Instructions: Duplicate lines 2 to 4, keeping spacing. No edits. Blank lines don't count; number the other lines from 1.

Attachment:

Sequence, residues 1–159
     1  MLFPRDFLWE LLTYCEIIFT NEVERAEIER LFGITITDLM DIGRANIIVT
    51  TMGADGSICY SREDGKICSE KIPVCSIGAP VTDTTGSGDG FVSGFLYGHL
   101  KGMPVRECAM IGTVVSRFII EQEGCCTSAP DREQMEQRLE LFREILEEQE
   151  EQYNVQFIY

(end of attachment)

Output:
     1  MLFPRDFLWE LLTYCEIIFT NEVERAEIER LFGITITDLM DIGRANIIVT
    51  TMGADGSICY SREDGKICSE KIPVCSIGAP VTDTTGSGDG FVSGFLYGHL
   101  KGMPVRECAM IGTVVSRFII EQEGCCTSAP DREQMEQRLE LFREILEEQE